Last week I had chance to play with the Nikon J1 and shoot a few frames. I was after the V1 with its built in EVF, but surprise, they had all sold out.
Like many photographers, I had kind of ignored the Nikon 1 system because of its small sensor. I am after a large sensor portable system, and still am, but recently I have been looking for a new compact.
I have always been generally disappointed by the ergonomics and performance of most compacts. My good friend and fellow photographer Chris Bennett, had the chance the other week to try out a Nikon V1 and had been very impressed. It performed quite well compared to his Panasonic GF-1.
This gave me the thought of possibly using a Nikon 1 as my compact, while I wait for the perfect small portable large sensor camera to appear.
Performance with regard to autofocus was excellent, a real speed machine, far better then any compact I have ever used.
The ergonomics were also better then I expected, the Menus were typical Nikon, and anyone who has used a Nikon SLR in the last five years would have no problem in navigating their way round.
I set the ISO to 100, and the camera to aperture priority and started shooting away. The simple rocker switch enabled me to easily change the aperture and it was a pleasure to use.
The late autumn sunshine caused the outdoor scenes to be high contrast, and as you can see I blew out the highlights. More experimenting with the camera should solve that. It is a fact that smaller sensors lack the dynamic range of there large brethren, and I feel that that Micro Four Thirds cameras I have used may have that advantage, but until my favourite RAW converter supports the Nikon 1 system and I get the change to learn the metering, I’ll not know for sure.
I’ll leave you with a quick blog entry I found, giving a bit more detail on the Nikon 1.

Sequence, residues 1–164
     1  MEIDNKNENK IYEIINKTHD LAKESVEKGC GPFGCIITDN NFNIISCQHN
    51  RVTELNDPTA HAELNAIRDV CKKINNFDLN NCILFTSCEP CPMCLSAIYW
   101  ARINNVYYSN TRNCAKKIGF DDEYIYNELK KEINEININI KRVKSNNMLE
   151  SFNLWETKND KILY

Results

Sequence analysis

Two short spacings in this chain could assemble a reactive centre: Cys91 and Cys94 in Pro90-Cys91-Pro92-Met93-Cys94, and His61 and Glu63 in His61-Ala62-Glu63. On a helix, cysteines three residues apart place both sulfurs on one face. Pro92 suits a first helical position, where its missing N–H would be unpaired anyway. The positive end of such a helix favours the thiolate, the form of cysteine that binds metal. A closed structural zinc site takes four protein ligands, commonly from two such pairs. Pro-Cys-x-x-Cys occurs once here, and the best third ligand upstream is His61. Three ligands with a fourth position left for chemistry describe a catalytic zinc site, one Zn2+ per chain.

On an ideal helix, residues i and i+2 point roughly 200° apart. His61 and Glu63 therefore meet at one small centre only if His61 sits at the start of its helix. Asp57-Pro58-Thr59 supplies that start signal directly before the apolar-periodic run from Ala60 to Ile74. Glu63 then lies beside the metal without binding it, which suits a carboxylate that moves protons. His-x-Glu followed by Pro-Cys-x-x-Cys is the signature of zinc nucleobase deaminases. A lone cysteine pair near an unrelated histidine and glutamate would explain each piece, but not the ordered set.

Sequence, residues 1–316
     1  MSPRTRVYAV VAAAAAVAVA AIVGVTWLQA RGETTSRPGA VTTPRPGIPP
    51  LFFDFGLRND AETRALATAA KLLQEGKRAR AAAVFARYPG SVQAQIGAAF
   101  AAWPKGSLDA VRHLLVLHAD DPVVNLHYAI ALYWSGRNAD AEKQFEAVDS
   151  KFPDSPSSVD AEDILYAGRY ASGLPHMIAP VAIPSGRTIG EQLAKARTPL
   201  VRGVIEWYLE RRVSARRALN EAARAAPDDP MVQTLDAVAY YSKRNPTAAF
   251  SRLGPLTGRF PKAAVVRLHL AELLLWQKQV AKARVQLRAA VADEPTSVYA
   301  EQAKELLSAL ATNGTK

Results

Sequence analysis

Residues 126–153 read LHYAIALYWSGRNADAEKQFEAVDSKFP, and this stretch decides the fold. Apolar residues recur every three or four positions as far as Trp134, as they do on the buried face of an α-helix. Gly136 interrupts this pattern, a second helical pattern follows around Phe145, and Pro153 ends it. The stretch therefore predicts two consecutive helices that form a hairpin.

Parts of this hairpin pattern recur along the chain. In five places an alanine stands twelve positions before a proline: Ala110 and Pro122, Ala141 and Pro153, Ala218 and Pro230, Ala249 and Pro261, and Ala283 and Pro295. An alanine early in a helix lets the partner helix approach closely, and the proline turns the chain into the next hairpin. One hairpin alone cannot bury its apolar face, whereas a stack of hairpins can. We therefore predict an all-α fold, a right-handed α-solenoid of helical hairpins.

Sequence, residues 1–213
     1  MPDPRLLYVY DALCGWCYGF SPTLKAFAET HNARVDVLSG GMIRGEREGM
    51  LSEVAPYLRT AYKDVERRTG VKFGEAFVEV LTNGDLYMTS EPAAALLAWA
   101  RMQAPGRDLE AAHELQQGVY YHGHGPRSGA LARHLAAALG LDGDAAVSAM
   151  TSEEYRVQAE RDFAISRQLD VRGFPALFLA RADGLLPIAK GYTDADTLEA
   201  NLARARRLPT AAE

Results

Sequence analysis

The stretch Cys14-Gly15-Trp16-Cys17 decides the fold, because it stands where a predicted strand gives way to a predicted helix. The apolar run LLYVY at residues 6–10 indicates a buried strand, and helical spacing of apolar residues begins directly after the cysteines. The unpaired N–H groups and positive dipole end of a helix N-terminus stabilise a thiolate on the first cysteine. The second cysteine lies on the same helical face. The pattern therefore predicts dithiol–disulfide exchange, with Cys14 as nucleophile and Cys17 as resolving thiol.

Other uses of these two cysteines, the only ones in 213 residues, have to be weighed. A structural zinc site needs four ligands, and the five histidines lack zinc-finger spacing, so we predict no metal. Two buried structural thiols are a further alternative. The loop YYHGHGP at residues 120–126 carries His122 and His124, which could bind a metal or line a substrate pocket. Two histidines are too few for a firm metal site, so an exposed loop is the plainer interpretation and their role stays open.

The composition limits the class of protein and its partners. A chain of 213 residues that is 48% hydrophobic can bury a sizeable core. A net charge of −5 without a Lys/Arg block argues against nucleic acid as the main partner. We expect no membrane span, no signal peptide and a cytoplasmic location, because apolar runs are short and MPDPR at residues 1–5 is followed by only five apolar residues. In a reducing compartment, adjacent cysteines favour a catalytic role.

Finally had time to play with the V1, today. I really enjoyed it. Some people have complained about the time its takes for the EFV to turn on with eye-start (i.e. the EVF turns on when you bring it to your eye), but is was reasonable and only a fraction of a second.
The second big issue people have been complaining about is the shot to shot time. I was a little surprised as in single shot mode, it was certainly a lot slower then I expected, but is no issue when shooting in continuous mode.
The third issue, people are complaining about the size of the lens. The large power zoom is certainly a large lens but the pancake 10mm and the two zooms 10-30mm and 30-110mm are very small collapsable lens. The Powerzoom is more for video use then still photography.
To me the issues with it are small. I would like better direct controls for shutter speed and aperture but the interface is not as bad as some would have you believe.
No for me the issues are simple, no blown highlights warning (i.e. blinkies), and no auto bracketing (for HDR).
Until Adobe release a RAW converter, the question of image quality of the smaller sensor is still open (why can not camera manufacturers all adopt a RAW standard), but so far things look good.